In 1974, Diamond released the album Serenade, from which "Longfellow Serenade" and "I've Been This Way Before" were issued as singles. The latter had been intended for the Jonathan Livingston Seagull score, but Diamond had completed it too late for inclusion in the same.

Opening Night at the Aladdin Theater for the Performing Arts July 2, 1976
Diamond performing on opening night of the Theater For the Performing Arts, Aladdin Hotel & Casino, July 2, 1976

In 1976, he released Beautiful Noise, produced by Robbie Robertson of The Band. On Thanksgiving night, 1976, Diamond made an appearance at The Band's farewell concert, The Last Waltz, performing "Dry Your Eyes," which he had written and composed jointly with Robertson, and which had appeared on Beautiful Noise. He also joined the rest of the performers onstage at the end in a rendition of Bob Dylan's "I Shall Be Released."

Diamond was paid $650,000 from the Aladdin Hotel in Las Vegas, Nevada, to open their new $10 million Theater For the Performing Arts on July 2, 1976. The show played through July 5, 1976, and drew sold out crowds for the 7,500 seat theater. a "who's who" of Hollywood attended opening night, ranging from Elizabeth Taylor to Chevy Chase, with Diamond walking out on stage to a standing ovation. He opened the show without music, but rather a story about an ex-girlfriend who dumped him before he became successful. His lead in line to the first song of the evening was, "You may have dumped me a bit too soon baby, because look who's standing here tonight."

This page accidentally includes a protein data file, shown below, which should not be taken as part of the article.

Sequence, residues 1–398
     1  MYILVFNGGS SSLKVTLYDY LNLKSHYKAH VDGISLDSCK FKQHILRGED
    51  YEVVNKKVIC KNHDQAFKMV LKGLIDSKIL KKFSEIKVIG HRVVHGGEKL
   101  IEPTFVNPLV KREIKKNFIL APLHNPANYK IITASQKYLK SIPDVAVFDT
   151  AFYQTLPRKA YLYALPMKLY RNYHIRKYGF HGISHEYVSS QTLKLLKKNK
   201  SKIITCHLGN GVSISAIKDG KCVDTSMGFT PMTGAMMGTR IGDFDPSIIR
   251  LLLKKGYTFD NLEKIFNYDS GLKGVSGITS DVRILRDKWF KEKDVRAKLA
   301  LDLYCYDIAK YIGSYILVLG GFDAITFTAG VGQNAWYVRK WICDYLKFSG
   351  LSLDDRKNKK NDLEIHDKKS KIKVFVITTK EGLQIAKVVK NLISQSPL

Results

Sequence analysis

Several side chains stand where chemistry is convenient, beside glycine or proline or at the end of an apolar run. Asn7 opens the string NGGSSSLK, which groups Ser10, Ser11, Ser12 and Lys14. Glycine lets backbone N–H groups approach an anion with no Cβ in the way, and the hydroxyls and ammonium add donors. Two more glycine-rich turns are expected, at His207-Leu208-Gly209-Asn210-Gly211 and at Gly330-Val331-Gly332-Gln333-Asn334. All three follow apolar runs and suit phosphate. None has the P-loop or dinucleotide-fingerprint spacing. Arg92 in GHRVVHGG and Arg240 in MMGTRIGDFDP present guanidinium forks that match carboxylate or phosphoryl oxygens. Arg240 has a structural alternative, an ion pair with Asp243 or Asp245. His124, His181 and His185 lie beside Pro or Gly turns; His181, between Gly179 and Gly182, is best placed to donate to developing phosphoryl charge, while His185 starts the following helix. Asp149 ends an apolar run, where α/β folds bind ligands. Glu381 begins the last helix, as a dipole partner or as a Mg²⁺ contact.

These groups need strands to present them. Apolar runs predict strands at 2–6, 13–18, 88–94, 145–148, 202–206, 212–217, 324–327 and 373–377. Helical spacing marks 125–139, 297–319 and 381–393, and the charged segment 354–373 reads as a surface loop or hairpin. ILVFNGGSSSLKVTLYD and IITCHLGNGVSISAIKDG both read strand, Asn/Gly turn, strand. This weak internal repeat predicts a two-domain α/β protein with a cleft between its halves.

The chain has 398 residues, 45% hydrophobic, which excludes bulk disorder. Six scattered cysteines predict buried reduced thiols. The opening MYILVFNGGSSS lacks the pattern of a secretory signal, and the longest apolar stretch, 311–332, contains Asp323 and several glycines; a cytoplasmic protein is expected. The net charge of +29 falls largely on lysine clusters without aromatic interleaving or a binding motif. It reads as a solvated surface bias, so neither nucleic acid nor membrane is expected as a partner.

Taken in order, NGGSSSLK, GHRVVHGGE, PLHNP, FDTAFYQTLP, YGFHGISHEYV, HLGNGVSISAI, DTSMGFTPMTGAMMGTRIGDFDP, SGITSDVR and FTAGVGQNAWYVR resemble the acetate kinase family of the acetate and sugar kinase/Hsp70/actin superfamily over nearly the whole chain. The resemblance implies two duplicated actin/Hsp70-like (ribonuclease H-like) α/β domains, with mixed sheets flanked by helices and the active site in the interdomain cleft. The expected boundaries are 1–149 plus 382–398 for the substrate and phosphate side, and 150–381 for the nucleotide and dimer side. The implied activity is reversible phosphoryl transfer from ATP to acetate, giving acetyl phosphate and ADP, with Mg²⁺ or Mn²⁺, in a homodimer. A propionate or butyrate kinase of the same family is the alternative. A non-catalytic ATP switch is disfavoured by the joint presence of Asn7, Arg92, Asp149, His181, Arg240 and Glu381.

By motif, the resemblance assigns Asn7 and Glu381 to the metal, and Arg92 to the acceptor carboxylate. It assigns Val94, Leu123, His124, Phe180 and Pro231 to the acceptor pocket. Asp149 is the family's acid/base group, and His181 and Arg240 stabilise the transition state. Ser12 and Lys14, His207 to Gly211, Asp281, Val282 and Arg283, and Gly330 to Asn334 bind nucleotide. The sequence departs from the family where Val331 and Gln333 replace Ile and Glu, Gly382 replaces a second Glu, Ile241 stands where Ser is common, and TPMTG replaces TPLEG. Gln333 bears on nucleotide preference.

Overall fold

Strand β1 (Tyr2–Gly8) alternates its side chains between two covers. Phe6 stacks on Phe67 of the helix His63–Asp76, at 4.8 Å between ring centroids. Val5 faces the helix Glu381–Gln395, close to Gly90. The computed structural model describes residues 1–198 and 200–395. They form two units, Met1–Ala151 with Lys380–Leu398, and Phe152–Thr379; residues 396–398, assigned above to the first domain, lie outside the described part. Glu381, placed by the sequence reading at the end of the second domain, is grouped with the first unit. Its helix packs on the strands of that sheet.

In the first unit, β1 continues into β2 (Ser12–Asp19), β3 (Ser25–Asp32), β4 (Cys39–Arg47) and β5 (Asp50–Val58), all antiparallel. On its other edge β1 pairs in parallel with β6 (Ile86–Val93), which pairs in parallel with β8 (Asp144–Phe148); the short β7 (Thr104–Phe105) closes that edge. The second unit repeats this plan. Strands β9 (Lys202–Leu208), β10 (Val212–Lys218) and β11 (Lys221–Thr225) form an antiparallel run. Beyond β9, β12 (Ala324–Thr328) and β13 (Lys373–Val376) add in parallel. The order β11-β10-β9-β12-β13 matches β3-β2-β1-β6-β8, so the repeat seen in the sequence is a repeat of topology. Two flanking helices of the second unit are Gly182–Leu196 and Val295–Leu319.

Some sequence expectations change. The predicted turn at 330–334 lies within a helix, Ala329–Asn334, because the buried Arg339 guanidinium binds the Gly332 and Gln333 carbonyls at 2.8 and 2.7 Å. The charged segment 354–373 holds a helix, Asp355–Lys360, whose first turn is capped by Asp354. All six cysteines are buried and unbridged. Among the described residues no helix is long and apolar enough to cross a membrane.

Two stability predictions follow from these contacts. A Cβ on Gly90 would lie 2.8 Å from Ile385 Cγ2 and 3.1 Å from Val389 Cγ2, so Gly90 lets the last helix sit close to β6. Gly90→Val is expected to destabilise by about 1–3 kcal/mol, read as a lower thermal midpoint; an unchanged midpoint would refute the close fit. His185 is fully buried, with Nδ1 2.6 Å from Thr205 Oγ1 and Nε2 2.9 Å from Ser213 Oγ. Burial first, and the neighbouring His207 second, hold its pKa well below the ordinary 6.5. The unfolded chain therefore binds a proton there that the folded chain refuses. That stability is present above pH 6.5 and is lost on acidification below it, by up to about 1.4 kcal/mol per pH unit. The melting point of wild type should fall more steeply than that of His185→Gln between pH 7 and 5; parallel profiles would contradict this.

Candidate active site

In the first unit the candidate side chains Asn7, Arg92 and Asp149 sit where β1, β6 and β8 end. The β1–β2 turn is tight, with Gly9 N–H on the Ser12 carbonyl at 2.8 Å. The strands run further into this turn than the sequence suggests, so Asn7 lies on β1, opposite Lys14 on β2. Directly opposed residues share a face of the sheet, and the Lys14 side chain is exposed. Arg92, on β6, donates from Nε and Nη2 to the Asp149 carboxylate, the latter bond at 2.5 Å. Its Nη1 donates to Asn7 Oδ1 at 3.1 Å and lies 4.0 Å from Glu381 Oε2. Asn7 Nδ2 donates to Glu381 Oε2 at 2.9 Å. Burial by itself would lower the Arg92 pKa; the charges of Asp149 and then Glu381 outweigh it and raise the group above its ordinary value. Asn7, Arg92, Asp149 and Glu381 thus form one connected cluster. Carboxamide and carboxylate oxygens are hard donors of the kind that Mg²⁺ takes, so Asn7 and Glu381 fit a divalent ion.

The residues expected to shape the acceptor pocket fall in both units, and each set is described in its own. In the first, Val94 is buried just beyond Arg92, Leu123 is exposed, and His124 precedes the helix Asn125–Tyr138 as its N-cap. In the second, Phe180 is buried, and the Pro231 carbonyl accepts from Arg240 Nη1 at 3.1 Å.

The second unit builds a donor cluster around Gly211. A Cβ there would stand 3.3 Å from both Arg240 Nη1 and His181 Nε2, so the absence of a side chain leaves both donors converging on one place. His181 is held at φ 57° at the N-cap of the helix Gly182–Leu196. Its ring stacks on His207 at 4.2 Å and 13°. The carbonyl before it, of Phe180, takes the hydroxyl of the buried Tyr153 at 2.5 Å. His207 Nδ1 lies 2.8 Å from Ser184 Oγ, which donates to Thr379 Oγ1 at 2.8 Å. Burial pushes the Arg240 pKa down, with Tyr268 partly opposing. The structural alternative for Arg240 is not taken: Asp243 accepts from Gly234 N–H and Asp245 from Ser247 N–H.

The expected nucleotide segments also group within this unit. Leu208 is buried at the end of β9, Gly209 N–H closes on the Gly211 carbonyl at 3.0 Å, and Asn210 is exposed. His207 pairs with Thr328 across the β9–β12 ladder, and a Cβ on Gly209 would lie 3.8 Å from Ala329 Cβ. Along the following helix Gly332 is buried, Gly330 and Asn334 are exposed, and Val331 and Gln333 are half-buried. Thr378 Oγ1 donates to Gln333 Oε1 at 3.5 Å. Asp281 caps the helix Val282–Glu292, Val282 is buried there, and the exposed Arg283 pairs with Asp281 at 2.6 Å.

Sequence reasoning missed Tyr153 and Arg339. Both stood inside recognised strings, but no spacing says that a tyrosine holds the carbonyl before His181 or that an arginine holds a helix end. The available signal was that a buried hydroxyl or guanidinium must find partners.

He performed at Woburn Abbey on July 2, 1977, to an audience of 55,000 British fans. The concert and interviews were taped by film director William Friedkin, who used six cameras to capture the performance.[29]

In 1977, Diamond released I'm Glad You're Here With Me Tonight, including "You Don't Bring Me Flowers," for which he composed the music and on the writing of whose lyrics he collaborated with Alan Bergman and Marilyn Bergman. Barbra Streisand covered the song on her Songbird album, and later, a Diamond-Streisand duet, spurred by the success of radio mash-ups, was recorded. That version hit No. 1 in 1978, his third song to top the Hot 100. They appeared unannounced for the Grammy awards ceremony in 1980, where they performed a duet of the song to a surprised audience.[30]

His last 1970s album was September Morn, which included a new version of "I'm a Believer." It and "Red Red Wine" are his best-known original songs made more famous by other artists. In February 1979, the uptempo "Forever in Blue Jeans," co-written with his guitarist, Richard Bennett, was released as a single from You Don't Bring Me Flowers, Diamond's album from the previous year.

In 1979, Diamond had collapsed on stage in San Francisco and was taken to the hospital where he endured a twelve-hour operation to remove what turned out to be a tumor on his spine.[31] He said he had been losing feeling in his right leg "for a number of years but ignored it." When he collapsed, he had no strength in either leg.[31] He underwent a long rehabilitation process just prior to beginning principal photography for his film The Jazz Singer (1980).[32] He was so convinced he was going to die that he even wrote farewell letters to his friends.[31]